Discrimination gone mad? A surrogate mother's plea

4 October 2012

Whilst maternity pay and protection is not an issue for high profile women using surrogates to become mothers, such as Sarah Jessica Parker, it is a very real problem and issue for most average working women who are not Hollywood superstars. It was widely reported in the press last week that a mother who had a child using a surrogate is taking the Government to the High Court to win the right to receive maternity pay. She is claiming that her human rights are being breached by being denied the opportunity to take paid maternity leave to look after and bond with her son.

It is manifestly unjust and unfair and there is no logical explanation why mothers who are fortunate enough to be able to carry a child and give birth naturally should be treated more favourably than mothers who have children using a surrogate because of fertility issues. Fertility problems are on the increase and whilst less than 100 births took place over the last year using a surrogate in the UK, this will increase in time.

In any event, whether or not the child is the biological child of the intended mother, (as is so in the present case), the intended mother should not be treated any differently to an adoptive mother who equally needs time to bond with her new child. It also seems nonsensical that the surrogate mother should have the protection of being able to take up to a year’s maternity leave and have the right to return to the same job and take up to 39 weeks’ paid maternity leave, whereas the only entitlement the intended parent has is to unpaid parental leave which is for a much shorter period than maternity leave (13 weeks and can be capped by the employer at 4 weeks per year), is dependent on the employer agreeing to the request, and at the particular time that the intended mother wants to take it and which does not afford the same protection as maternity leave affords to mothers. It is automatically unfair to dismiss a mother for a reason related to her maternity leave. Further, in a redundancy situation, when suitable alternative employment is available, the mother on maternity leave trumps anybody else who may be better qualified for that suitable alternative employment and that vacancy has to be offered to the mother on maternity leave.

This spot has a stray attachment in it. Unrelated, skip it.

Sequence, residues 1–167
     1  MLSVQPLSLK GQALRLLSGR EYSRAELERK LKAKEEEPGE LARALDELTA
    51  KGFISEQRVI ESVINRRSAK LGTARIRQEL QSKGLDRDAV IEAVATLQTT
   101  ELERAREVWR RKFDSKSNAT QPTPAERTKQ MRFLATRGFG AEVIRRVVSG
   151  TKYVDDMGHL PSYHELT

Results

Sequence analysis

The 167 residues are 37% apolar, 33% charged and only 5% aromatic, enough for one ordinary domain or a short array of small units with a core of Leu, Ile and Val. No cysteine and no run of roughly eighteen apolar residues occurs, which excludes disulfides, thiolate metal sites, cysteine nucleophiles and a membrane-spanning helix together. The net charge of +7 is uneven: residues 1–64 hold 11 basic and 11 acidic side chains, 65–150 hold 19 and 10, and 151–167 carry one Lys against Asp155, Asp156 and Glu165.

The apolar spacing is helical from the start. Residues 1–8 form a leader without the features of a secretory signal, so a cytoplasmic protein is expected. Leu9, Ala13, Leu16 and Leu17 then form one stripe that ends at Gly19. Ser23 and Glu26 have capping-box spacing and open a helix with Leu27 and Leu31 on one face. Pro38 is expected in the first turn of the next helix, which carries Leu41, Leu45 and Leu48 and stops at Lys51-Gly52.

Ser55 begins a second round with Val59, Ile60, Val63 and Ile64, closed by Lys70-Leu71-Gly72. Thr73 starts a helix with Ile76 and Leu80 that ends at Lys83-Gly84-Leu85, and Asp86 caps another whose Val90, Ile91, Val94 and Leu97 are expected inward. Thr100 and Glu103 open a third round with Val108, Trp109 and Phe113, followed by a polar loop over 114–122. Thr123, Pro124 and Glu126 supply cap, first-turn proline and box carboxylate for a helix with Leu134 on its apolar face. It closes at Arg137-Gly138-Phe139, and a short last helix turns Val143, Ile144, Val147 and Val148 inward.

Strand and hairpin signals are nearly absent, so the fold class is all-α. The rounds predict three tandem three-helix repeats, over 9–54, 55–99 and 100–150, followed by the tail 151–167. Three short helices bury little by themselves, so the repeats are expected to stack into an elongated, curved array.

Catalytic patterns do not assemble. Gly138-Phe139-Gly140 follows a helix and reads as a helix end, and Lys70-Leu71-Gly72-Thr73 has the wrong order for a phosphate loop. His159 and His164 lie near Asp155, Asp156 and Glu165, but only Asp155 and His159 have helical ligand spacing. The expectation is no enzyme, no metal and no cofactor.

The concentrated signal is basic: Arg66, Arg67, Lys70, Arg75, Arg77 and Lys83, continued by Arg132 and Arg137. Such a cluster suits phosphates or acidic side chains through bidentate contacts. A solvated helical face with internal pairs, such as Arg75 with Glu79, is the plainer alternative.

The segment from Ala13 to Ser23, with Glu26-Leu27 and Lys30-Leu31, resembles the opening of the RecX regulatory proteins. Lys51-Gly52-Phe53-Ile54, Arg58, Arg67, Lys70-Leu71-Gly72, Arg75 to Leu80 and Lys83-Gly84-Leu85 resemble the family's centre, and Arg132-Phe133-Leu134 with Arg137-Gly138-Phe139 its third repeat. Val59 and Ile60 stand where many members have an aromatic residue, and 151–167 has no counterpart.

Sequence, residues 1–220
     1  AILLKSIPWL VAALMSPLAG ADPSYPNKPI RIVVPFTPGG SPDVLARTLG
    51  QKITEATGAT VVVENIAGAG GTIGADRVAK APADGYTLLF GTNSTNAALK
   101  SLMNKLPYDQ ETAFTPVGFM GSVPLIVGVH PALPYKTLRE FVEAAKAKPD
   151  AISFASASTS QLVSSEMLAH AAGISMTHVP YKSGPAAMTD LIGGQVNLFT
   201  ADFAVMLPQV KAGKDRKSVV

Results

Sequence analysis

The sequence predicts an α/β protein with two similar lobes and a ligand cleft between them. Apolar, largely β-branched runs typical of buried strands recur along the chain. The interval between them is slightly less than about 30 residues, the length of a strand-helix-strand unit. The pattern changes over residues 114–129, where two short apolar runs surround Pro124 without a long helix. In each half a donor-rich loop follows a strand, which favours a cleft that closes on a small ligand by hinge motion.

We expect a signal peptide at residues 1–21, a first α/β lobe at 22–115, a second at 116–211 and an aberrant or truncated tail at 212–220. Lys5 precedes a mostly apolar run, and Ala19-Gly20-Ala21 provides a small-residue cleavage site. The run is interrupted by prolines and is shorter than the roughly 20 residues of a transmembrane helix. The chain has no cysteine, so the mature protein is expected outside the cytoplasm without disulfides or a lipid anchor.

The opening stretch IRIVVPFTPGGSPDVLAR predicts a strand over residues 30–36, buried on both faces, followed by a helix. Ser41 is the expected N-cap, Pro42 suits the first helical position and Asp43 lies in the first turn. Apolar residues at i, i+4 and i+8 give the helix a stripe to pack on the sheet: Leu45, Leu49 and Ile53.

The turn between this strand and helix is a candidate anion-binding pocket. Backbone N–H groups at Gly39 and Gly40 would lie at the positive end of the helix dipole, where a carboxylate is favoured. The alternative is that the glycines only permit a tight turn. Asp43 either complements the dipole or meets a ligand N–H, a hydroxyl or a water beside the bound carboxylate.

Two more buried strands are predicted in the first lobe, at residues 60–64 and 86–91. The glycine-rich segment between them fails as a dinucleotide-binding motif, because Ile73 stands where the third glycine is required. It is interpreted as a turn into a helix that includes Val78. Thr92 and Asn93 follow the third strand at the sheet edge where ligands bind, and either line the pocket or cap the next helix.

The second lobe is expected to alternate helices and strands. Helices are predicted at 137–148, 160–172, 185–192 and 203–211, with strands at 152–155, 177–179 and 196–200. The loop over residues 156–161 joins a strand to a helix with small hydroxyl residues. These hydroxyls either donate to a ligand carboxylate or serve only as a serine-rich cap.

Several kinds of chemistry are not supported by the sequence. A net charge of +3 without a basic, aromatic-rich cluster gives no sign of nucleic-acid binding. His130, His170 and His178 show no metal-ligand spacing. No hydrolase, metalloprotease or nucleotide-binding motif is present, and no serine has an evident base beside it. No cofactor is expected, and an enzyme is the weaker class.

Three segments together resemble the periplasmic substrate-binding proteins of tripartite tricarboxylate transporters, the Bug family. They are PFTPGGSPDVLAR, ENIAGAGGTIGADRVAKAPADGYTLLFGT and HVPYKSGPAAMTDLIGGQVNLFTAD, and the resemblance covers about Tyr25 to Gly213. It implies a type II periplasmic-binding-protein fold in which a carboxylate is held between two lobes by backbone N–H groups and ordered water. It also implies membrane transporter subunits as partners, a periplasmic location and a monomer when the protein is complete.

On 19 September 2012, Surrogacy UK also took up the cause and lodged a High Court claim for judicial review to change the law to ensure that intended parents are given the same rights as any other parent and in particular mothers of surrogate babies.

This is a gaping hole in the equality legislation which needs to be urgently plugged. When the legislation was implemented, surrogacy was probably not on the draftsman’s radar. Given that there is talk of extending discrimination law to cover other discrimination in society, for example on the basis of class, the area of surrogacy is one that discrimination legislation should be extended to cover, before the Government considers increasing the protected characteristics covered by existing discrimination law. This needs to be addressed quickly in order to save the mothers and fathers of surrogate babies further unnecessary heartache, particularly when having to deal with fertility issues will already have caused them a great deal of distress.

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